The planet is warming
We’ve all heard of global warming, but what exactly is it and why is it such a danger to our planet? Most scientists agree that global warming is a real threat and that it is man who is responsible for the current rise in the earth’s temperature.

Our use of fossil fuels, such as oil, coal, gas and electricity to power our modern lifestyles emits a staggering 70 million tons of carbon dioxide into
the atmosphere every day. And these emissions
create a kind of ceiling that surrounds the
planet – a bit like greenhouse glass – which
then causes the temperature to rise.

The amount of CO2 in the atmosphere is the
highest it has been for 150,000 years – with the
1990s thought to have been the hottest decade
in history – and if we continue producing these levels, it’s predicted it will become hotter than at any time in the past two million years. Already, in some parts of the world, temperatures have risen by up to four degrees in 50 years.

A hotter planet inevitably means that rivers and wetlands – vital to communities of both humans and wildlife – are drying up. Around 41 per cent of the world’s population has problems with
water supply due to river and lakes shrinking, and more than 20 per cent of our 10,000 freshwater species have become extinct.
water is under threat
While 72 per cent of the earth’s surface is covered in water, only three per cent of it
is fresh (and that’s including the glaciers)
and drinkable. And this small supply is
unevenly distributed with just 10 countries sharing 60 per cent of the world’s water reserves.

Here in the UK, we are not immune to shortages. London is drier than Istanbul
while the south-east of England has less
water available per person than in
countries such as The Sudan and Syria. Meanwhile, our water consumption – 150
litres per person every day – is only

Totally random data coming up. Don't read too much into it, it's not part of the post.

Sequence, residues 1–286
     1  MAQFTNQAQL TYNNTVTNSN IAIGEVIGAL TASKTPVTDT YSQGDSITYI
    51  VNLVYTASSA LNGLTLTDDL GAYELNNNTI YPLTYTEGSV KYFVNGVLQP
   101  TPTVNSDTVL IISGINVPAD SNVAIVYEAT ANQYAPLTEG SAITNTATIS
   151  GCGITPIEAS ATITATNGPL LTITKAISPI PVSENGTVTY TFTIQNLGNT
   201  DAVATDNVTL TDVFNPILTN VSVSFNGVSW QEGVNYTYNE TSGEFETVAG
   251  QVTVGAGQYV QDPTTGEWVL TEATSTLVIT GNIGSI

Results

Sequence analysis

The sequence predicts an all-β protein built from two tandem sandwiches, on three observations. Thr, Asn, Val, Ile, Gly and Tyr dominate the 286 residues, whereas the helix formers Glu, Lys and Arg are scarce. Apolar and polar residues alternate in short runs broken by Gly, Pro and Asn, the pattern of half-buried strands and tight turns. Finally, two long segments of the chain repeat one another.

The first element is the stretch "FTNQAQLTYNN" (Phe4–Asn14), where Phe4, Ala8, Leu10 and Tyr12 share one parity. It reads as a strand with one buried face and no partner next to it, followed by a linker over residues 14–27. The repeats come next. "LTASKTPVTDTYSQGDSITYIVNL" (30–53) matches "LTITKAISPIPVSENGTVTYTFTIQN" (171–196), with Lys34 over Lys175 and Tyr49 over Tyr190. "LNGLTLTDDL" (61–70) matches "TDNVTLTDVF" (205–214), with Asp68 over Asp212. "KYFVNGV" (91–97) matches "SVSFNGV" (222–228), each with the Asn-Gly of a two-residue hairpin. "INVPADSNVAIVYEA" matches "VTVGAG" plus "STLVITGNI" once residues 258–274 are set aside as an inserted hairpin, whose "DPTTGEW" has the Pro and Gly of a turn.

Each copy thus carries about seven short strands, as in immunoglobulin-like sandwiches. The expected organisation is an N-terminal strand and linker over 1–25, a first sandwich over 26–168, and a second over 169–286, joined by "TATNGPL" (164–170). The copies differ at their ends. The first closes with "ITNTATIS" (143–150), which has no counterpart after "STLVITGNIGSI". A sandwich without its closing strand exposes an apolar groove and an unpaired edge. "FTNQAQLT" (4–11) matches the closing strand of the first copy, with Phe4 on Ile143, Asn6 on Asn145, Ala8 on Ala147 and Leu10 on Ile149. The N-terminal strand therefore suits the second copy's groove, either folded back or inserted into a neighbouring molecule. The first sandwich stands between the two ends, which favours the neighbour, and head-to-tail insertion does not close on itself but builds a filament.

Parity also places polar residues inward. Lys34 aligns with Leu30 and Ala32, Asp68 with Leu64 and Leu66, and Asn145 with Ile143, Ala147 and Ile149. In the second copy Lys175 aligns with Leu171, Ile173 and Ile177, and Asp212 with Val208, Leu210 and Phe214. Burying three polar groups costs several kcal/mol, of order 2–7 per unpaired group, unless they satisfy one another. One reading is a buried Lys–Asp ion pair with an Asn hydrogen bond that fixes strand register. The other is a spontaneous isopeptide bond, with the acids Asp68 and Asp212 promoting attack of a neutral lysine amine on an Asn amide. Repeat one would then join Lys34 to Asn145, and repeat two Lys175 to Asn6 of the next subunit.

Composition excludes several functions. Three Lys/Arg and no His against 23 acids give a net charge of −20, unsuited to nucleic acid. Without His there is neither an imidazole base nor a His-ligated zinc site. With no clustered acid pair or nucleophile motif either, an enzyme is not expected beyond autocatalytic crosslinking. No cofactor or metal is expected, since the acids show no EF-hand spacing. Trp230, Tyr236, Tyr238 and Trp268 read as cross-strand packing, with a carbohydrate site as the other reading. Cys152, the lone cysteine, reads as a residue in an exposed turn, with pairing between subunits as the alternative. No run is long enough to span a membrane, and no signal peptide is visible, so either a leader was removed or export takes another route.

making matters worse. Rainforests, such
as the Amazon, have a huge role to play in
keeping carbon levels under control.
Millions of trees in these areas produce
oxygen and absorb CO2 in a process called
photosynthesis, which is vital to the
balance of the ecosystem. However, man
has gradually destroyed rainforests,
contributing to global warming.
Green glossery
CARBON FOOTPRINT – The amount of
carbon dioxide (CO2) each of us produces

CARBON NEUTRAL – Cancelling out our
carbon footprint by helping eco-schemes

GREENHOUSE EFFECT - Heat, produced by
gases trapped in the earth’s atmosphere

KYOTO PROTOCOL – The 2005 international
agreement to cut CO2 emissions

– Water-powered

HYBRID CAR – combined fuel and electric

DESALINATION – removing salt from sea

BIOFUELS – fuel created from plants

– oil, coal, gas
Wildlife is suffering
The destruction of natural habitats has brought many species to the brink of extinction. Some have been destroyed by man, through farming and tree logging, while other areas have fallen victim to forest fires and shrinking rivers.

Dolphins and whales, for example, face many dangers, including pollution, which can affect their fertility. Their food sources are also under threat due to rising sea temperatures and dolphins in particular often get caught in fishing nets.

Warmer temperatures have also led to the melting of the polar icecaps, causing sea levels to rise and threatening the polar bear's environment. And the tiger's habitat has also been destroyed by logging and agriculture, making them endangered.

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